Daily Digest

Daily Digest - May 13

Wednesday, May 13, 2009, 10:06 AM
  • America about to go broke?
  • Trustees' Report (PDF Reference for above article)
  • The new new money (H/T Psycho)
  • Transition Towns (Video)
  • David Tice - More Truth Telling...(Video)
  • Freight Graveyards: Shipping Collapses, Scrap Yards Booming
  • Oil, Now up 70% Since February
  • Not So Different
  • My $4,500 Lemon: Taking the Feds Up on Cash For Clunkers
  • STIMULUS WATCH: Early road aid leaves out neediest
  • Imminent Global Stock Market Crash to Support U.S. Dollar
  • Four Bad Bear Markets (Chart)
  • We're All Euro Now: Government Spending at 45% of GDP (Chart on page)
  • Meredith Whitney on banks and stress tests (Video)
  • Why tribes, not money or factories, will change the world: Seth Godin on TED.com (Video)
  • The US is about to go BROKE-Inflation is going to be rampant
  • Roubini Economy and banks (Video)
  • Stock markets: reversal time? (Chart)
  • The other deficit, (Chart)
  • A few A(H1N1) Links Dr. Henry Niman's Map 3,573 U.S. Cases as of this wrtitng, A(H1N1) Current Timeline, CDC Cases

Economy

America about to go broke?

Ironically, payroll tax payments are still large enough that the Social Security and Medicare programs don't need every dime. The extra money goes into the program trust funds as Treasury debt. The actual cash is spent elsewhere. Basically, the employment tax has been subsidizing other federal spending. This has been going on since the 1983 "reform" of Social Security, a disaster chaired by Alan Greenspan, later the Federal Reserve chairman.

Today's deficits? That's nothing

Last year's Social Security trustee report estimates that OASDI (Social Security retirement and disability) and HI (hospital insurance), excluding book entry interest for the trust funds, will have more revenue than expenses until 2015. If higher cost assumptions prevail, however, the last year of positive flow will be 2010.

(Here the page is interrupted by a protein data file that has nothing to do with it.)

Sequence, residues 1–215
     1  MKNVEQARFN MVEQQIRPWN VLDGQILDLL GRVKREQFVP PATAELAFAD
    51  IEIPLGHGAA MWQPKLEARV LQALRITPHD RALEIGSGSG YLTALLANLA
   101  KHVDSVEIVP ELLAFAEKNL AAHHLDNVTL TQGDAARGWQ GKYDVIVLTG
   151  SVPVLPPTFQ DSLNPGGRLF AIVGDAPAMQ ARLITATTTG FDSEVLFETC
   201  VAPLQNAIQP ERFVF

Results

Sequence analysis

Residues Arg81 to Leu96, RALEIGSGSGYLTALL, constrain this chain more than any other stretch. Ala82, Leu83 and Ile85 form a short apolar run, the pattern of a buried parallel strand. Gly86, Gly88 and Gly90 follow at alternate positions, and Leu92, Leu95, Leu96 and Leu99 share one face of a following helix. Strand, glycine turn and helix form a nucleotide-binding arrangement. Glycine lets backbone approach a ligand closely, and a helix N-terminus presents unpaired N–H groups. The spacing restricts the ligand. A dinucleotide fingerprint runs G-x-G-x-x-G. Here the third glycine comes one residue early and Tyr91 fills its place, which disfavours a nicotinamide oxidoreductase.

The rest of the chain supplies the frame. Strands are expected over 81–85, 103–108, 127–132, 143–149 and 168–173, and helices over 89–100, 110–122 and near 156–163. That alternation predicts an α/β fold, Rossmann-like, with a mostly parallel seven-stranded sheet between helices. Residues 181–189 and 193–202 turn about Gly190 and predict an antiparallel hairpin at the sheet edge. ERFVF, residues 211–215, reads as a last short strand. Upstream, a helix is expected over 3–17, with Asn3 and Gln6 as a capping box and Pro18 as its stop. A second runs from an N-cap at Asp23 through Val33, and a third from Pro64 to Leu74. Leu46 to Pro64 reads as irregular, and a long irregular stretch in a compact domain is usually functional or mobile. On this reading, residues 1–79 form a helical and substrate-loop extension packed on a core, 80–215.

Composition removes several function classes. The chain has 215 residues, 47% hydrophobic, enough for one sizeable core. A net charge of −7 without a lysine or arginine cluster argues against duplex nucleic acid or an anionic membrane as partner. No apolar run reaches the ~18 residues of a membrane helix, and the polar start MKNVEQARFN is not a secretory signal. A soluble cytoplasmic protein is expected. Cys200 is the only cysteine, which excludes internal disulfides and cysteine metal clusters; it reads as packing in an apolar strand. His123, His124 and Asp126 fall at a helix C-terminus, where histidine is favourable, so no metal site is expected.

That's next year.

I am not making this up. It is public record. You can see for yourself by examining table VI.F9 on page 191 of the 2008 trustees' report.

When Social Security and Medicare costs exceed their revenues, the Treasury will have to borrow money to cover the shortfalls. When that happens, today's stunning deficits will look small.

That's why our future contains inflation, not deflation.

Trustees' Report (PDF Reference for above article)

The new new money (H/T Psycho) 

It's official: The government in Beijing has announced that the Yuan can now be used in international trade. Their mouthpiece for this occasion was the Industrial and Commercial Bank of China, a private entity, which made the announcement on their behalf. By the end of this year, it is expected that fully 50% of all transactions with Hong Kong will be denominated in the Yuan. In turn, Hong Kong re-exports 90% of its Chinese imports. Importer #1 is the European Union; importer #2 is the United States. Some of these countries may soon find themselves hard-pressed to earn enough Yuan to continue importing Chinese-made products.